At (time_t)757942953 Greg Hudson wrote:
> My experience is that consolidation of documentation often leads to
> inferior documentation in many of the places you look for it, because
> there are different standards of brevity, precision, and target audience
> in different areas of documentation.
The online help command already provides an abbreviated version
of the reference pages; the content is virtually identical
today. What this would do is eliminate the duplication of effort
that leads to errors.
Documentation isn't all that different from software in this
regard; duplication is at best a necessary evil, and I'm trying
to remove the necessity.
Furthermore, thanks to the flexible nature of XML and XSL, the
reference pages can contain enough metadata to dictate what parts
are reused for the online help, so the reference pages can expand
without forcing the online help to also grow in length.
Heck, the reference pages could include content that is _only_
displayed in the online help, so the flexibility of having online
help be worded differently from the technical reference is
> It also leads to build systems which are hard to understand and
> which are highly sensitive to particular tool configurations.
This is painfully true, but the situation can be alleviated by
not requiring that the online help contents be regenerated from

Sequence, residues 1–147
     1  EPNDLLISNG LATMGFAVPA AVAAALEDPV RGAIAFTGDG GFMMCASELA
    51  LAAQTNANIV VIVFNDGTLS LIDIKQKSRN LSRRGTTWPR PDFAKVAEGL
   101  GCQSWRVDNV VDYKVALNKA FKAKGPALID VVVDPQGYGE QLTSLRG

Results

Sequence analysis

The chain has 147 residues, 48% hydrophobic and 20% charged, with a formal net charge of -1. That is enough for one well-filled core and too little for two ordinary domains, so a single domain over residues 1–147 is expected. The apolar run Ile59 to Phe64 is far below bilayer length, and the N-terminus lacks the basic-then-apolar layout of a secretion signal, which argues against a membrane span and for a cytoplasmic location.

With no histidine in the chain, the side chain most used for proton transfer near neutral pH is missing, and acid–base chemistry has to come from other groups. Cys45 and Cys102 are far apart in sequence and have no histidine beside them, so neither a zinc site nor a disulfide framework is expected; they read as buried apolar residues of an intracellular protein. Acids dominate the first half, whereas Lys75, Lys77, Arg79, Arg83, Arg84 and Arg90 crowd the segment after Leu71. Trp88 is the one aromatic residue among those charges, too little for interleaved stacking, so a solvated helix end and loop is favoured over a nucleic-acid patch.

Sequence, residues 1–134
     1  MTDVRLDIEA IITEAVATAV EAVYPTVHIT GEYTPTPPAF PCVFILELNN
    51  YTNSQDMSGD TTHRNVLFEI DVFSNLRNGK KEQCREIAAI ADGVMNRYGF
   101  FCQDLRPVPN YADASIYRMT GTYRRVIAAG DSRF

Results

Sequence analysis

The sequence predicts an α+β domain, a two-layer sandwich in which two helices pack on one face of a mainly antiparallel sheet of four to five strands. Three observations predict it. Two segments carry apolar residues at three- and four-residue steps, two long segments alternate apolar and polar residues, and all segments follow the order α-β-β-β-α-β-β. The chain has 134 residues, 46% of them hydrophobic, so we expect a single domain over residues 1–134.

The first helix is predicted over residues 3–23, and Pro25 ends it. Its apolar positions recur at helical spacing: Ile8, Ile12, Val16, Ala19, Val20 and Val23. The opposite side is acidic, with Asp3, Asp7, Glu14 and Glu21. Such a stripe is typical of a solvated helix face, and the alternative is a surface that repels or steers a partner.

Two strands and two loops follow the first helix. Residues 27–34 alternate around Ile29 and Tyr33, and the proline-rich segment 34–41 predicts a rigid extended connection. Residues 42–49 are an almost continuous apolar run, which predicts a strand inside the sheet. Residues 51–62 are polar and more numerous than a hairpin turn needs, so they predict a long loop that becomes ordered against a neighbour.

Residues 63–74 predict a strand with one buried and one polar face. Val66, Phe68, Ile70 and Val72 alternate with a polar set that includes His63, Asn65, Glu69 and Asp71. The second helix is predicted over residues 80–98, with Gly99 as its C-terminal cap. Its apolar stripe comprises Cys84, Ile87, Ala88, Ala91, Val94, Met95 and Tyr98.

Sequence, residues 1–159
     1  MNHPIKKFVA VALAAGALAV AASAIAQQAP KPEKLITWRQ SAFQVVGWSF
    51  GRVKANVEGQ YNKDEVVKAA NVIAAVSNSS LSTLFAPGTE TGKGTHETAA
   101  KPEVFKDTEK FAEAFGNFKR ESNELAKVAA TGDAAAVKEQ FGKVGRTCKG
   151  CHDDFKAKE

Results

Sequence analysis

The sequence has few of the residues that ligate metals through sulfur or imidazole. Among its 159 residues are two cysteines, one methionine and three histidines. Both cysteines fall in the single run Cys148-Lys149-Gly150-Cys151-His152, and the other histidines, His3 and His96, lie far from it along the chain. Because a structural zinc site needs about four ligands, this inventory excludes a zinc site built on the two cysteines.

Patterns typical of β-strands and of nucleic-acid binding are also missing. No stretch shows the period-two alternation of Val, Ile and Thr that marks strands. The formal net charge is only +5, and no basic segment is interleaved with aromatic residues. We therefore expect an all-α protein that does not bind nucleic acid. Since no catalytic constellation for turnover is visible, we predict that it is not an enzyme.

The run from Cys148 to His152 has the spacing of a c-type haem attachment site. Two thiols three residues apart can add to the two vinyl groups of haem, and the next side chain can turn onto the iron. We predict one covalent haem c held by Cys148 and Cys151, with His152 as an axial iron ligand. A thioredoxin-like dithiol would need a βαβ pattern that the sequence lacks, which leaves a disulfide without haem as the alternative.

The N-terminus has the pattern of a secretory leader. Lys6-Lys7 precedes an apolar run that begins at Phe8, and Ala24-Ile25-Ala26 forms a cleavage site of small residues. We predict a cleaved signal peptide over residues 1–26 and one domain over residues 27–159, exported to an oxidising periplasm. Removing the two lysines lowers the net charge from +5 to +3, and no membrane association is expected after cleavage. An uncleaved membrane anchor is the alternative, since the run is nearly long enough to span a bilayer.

source every time. The reference pages won't change very often.
> So, I'm -1 on generating the help command text from the book (if the
> book authors want to generate refentries from the help documentation,
> they can, but I think it would reduce the quality of the book). It's
> more work to maintain duplicate documentation, but it yields better
> results, and many more people are going to read our documentation than
> write it.
If man pages are not part of the final deliverable, it is very
likely that errors in the online help will be noticed by the
subversion developers, and errors in the reference pages will be
more likely to be overlooked, because the typical developer will
type "svn help <foo>" much more often than opening up a web
browser to peruse chapter 8.
Making the online help a function of the reference pages should
improve the overall quality.
John R. Daily
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Received on Thu Nov 13 22:42:38 2003